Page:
WASHINGTON (November 11, 2008) - On Thursday, November 13 in Washington, D.C., The Education Trust will present the sixth annual Dispelling the Myth awards to four schools from across the country that have been extraordinarily successful in educating low-income students and students of color to high academic levels.
The awards recognize schools for making significant strides in narrowing gaps in academic achievement among student groups, showing achievement levels that significantly exceed the averages in their states, or improving student performance at a rapid pace.
The 2008 Dispelling the Myth schools are:
Â· Graham Road Elementary School in Falls Church, Va.;
Â· Norfork Elementary School in Norfork, Ark.;
Â· Roxbury Preparatory Charter School in Roxbury, Mass.; and
Â· Wells Elementary School in Steubenville, Ohio.
While these schools don't offer simple answers or easy solutions to the gaps that far too often separate low-income students and student of color from their peers, several common strategies emerge from their practices. Among them are providing rich curriculum coupled with strong, focused instruction; having high expectations for all students; using data to track student progress and individual student needs; and employing purposeful professional development to improve teachers' skills.
"They're not just working harder than other schools--they're working smarter," said Kati Haycock, President of The Education Trust. "And though their efforts are nowhere near finished, they've already shattered the misguided and dangerous belief that achievement gaps are inevitable. These schools are a testament to the power of committed educators to literally transform the life chances of young people."
The four schools will be honored during the 19th Education Trust National Conference, the annual gathering of educators dedicated to closing the gaps in achievement and attainment that persist in our nation's schools. Participants at this year's conference, "It's Up to Us: Going the Distance to Close Gaps and Raise Achievement for All," will examine strategies and practices that are producing higher achievement levels for all groups of students, from pre-kindergarten through college.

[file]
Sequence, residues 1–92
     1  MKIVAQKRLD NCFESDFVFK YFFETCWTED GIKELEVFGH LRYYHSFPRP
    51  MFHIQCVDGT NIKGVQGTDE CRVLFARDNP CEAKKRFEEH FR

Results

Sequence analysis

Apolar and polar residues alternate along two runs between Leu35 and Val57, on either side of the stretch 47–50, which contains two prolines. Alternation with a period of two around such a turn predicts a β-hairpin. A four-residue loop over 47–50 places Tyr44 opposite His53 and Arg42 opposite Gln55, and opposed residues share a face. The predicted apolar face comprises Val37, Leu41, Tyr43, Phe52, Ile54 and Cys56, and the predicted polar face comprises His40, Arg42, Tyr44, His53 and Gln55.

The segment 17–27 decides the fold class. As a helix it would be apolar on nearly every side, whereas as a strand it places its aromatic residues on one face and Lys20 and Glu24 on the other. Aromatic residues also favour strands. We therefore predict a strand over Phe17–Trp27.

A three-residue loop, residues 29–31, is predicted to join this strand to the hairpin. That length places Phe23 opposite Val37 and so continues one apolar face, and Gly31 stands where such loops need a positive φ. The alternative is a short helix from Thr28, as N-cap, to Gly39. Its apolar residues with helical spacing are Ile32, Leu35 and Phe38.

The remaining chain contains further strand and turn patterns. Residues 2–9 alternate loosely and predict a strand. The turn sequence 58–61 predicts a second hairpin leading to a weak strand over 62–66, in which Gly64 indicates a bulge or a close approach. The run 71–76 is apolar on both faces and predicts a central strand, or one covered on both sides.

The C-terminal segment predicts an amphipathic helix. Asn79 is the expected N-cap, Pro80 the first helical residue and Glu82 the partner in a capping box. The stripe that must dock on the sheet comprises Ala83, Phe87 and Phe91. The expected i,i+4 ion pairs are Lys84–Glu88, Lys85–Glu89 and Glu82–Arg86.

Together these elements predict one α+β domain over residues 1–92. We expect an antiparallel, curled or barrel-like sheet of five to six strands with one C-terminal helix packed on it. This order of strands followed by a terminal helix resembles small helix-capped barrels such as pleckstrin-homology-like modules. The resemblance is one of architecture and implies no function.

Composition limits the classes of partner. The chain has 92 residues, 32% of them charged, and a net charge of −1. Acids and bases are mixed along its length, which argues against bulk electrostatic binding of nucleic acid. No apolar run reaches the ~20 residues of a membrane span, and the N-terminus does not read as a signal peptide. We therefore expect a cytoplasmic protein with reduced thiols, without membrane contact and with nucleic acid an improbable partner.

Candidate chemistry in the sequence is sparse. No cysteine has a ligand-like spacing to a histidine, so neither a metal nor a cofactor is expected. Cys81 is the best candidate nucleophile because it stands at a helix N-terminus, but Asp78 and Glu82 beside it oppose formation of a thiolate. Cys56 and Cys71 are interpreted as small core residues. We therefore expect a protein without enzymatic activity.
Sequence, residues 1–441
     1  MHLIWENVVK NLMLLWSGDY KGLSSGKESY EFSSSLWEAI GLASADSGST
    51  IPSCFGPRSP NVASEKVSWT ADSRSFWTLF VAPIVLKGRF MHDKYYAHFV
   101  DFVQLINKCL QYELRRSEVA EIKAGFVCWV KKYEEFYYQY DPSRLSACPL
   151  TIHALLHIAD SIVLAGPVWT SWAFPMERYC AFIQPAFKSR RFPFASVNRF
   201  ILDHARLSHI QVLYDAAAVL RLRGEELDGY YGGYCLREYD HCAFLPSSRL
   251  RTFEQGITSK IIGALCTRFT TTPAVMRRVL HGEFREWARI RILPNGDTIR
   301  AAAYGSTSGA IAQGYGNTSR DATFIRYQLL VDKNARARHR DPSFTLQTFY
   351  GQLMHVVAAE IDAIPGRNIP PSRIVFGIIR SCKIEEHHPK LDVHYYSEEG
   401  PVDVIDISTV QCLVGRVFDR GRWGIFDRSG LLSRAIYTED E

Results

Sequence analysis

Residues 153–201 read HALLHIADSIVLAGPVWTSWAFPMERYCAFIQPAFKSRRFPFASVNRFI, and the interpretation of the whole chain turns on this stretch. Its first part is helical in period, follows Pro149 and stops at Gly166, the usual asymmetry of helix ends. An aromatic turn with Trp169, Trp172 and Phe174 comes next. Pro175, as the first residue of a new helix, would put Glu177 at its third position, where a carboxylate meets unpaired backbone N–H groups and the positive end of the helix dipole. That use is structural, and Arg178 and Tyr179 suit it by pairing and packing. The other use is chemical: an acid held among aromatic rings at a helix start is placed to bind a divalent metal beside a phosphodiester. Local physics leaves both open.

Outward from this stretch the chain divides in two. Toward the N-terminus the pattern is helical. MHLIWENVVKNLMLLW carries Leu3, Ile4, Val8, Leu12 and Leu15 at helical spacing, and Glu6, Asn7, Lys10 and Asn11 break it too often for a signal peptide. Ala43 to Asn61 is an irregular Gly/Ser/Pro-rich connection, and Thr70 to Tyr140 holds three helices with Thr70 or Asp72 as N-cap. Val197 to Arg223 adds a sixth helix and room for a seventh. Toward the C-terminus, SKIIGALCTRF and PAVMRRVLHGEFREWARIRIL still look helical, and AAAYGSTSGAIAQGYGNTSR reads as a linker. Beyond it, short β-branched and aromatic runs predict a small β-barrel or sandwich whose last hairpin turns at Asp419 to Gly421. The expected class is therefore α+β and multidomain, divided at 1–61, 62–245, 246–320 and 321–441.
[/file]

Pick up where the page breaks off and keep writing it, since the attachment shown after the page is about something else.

"When educators and policymakers work together to ensure that all students are well prepared for the future, change is absolutely possible," said Haycock. "Dispelling the Myth schools prove that this kind of change can happen now, and offer inspiration for other schools ready take on the challenge and follow their lead."
About the 2008 Dispelling the Myth Award Recipients
Graham Road Elementary School
Falls Church, Va.
Students in suburban Fairfax County, Va., on average, come from affluent homes, score well on the SAT, and regularly are admitted to the nation's top colleges and universities. However, the district averages mask large gaps: Fairfax's African-American and Latino students are often outperformed by students of color in the state's inner cities. But while more than 80 percent of the students at Graham Road Elementary School qualify for free and reduced-price lunch and nearly all are non-white (primarily the children of recent immigrants), every sixth grader met or exceeded state reading standards in 2008, and 96 percent met or exceeded state math standards.
Norfork Elementary School